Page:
disabilities who should be served 3) Providing a free, appropriate public education 4) Providing children with disabilities an equal opportunity to participate in nonacademic and extracurricular services and activities Claiborne County 504 Coordinator: Mrs. Dorothy Shuford Reporting Procedures Any person who believes he/she has been the victim of discrimination/harassment by a school system employee, another adult on school grounds or at school functions, another student, or any third person with knowledge of discrimination/
harassment should report the alleged acts immediately to an appropriate Reporting Procedures continued The school principal is the person responsible for receiving reports at the school level. The principal notifies the director of schools immediately without screening or investigating the report. A written report is also forwarded to the director. If the complaint involves the school principal, the complaint shall be filed directly with the director of schools.
The Title IX coordinator is to receive complaints of sexual discrimination. The pupil personnel supervisor receives the complaints of non-sexual discrimination The name of the Title IX coordinators and the Title VI coordinator, including a mailing address and telephone number shall be posted. Bullying: Its Everyones Business Best Practices in Bullying Prevention in Tennessee
Tennessee Code Annotated 49-6-1015 Definition of harassment, intimidation, or bullying - Any act that substantially interferes with a students educational benefits, opportunities or performance, that takes place on school grounds, at any school-sponsored activity, on schoolprovided transportation, or at any official school bus stop, and that has the effect of: Physically harming a student or damaging a students property; Knowingly placing a student in reasonable fear of physical harm to the student or damage to the students property; or Creating a hostile educational environment. Bullying is when someone repeatedly and on purpose says or does mean or hurtful things to another person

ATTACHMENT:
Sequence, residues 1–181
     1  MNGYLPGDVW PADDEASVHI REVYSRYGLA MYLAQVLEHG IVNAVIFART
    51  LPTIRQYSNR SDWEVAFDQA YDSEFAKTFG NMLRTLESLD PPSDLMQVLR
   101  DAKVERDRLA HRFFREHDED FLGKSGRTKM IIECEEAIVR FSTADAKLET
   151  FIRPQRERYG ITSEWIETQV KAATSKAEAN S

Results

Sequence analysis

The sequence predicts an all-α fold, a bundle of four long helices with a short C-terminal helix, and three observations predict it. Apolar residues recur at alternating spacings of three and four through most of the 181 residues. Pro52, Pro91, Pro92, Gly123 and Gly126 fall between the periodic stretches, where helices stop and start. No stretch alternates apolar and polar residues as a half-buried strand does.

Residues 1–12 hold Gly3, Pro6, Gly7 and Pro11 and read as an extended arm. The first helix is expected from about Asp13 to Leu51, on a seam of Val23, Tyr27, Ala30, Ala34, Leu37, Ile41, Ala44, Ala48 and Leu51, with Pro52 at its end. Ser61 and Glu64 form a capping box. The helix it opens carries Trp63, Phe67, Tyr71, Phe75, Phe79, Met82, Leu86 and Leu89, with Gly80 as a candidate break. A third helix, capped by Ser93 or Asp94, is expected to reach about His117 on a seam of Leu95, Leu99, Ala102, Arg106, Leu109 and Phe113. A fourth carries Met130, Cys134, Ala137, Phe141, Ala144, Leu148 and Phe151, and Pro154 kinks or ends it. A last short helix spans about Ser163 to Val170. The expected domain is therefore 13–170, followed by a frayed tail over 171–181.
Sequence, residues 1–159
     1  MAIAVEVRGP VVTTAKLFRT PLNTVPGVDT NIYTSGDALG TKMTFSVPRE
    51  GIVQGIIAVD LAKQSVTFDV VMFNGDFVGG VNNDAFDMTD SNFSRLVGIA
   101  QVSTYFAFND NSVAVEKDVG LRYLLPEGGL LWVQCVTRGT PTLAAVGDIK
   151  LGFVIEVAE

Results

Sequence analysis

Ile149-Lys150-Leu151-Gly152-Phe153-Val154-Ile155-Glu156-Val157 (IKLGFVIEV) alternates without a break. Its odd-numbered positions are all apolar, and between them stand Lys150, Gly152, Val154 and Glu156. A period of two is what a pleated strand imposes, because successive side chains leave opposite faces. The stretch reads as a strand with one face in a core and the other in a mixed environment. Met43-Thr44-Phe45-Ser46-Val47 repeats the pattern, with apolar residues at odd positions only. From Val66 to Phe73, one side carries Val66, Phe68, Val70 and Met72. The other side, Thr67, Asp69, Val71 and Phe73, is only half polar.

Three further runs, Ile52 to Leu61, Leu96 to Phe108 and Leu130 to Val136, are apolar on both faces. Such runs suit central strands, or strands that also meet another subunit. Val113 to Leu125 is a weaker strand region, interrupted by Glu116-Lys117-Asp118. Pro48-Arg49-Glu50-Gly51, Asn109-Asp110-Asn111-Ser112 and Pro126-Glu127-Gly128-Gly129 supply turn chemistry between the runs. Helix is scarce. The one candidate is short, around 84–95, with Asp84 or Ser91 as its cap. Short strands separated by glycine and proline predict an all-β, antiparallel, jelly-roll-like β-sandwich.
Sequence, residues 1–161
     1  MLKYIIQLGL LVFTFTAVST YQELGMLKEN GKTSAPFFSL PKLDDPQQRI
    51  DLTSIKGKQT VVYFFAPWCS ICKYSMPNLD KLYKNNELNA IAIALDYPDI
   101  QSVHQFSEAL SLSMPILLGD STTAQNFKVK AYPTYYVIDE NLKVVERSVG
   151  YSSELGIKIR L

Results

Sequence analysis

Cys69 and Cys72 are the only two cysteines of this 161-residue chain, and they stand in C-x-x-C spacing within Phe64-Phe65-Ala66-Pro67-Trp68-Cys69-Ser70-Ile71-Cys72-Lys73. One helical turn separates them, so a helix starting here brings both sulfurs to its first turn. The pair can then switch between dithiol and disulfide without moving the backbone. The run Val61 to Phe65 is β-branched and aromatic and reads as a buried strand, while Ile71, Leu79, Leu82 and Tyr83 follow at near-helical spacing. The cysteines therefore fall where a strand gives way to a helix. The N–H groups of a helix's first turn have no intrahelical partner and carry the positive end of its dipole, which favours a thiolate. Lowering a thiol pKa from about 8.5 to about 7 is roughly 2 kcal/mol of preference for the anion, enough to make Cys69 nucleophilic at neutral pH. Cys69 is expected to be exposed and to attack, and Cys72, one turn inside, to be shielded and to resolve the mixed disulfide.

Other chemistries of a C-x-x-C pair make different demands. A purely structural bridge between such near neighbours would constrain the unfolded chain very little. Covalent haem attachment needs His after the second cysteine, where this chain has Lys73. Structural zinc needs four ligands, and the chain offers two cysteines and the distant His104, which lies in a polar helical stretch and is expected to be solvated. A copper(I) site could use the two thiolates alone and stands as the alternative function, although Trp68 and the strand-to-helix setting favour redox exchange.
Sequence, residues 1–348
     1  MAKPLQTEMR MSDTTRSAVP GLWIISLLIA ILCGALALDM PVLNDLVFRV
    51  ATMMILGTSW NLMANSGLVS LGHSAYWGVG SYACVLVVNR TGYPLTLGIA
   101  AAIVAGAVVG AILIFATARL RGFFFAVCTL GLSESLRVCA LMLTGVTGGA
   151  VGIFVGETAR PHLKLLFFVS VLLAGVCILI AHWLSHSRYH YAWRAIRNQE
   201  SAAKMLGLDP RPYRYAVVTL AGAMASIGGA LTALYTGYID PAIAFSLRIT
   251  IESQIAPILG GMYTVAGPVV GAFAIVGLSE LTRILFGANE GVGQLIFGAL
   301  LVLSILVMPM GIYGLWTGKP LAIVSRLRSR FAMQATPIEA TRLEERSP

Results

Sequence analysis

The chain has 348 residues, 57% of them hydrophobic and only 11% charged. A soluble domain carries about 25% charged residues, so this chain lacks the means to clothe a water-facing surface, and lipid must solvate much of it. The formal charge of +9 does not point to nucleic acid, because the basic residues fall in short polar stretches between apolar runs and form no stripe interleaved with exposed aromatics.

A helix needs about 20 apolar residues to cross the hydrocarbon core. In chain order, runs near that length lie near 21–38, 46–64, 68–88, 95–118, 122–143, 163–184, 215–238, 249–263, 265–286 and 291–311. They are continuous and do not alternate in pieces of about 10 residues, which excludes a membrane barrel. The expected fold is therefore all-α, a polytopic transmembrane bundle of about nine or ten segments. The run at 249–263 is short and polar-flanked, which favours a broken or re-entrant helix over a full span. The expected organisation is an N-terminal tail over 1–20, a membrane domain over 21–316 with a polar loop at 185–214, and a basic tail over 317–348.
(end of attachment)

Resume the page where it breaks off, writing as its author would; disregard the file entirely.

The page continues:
who has a hard time defending him or herself. Bullying: Is aggressive behavior that intends to cause harm or distress. Is usually repeated over time. Occurs in a relationship where there is an imbalance of power or strength. May include acts carried out by use of a computer, cell phone, or other electronic means. Bullying Can Take Many Forms Physical Violence/Aggression
Verbal Aggression Examples: spreading rumors, excluding from group, silent treatment Racial and Ethnic Harassment
Examples: note writing, graffiti (drawing pictures about someone) Social Alienation/Aggression Examples: threats, a dirty trick, taking possession of property, extortion or stealing money Written Aggression Examples: taunts, teasing, name-calling, and put-downs Intimidation
Examples: hitting, kicking, destroying property Comments or actions containing racial or ethnic content which are unwelcome and make the victim uncomfortable. Examples: ethnic jokes, racial name calling, racial slurs Sexual Harassment Harassment via technology (email, text messaging, etc.) Gender Differences in Bullying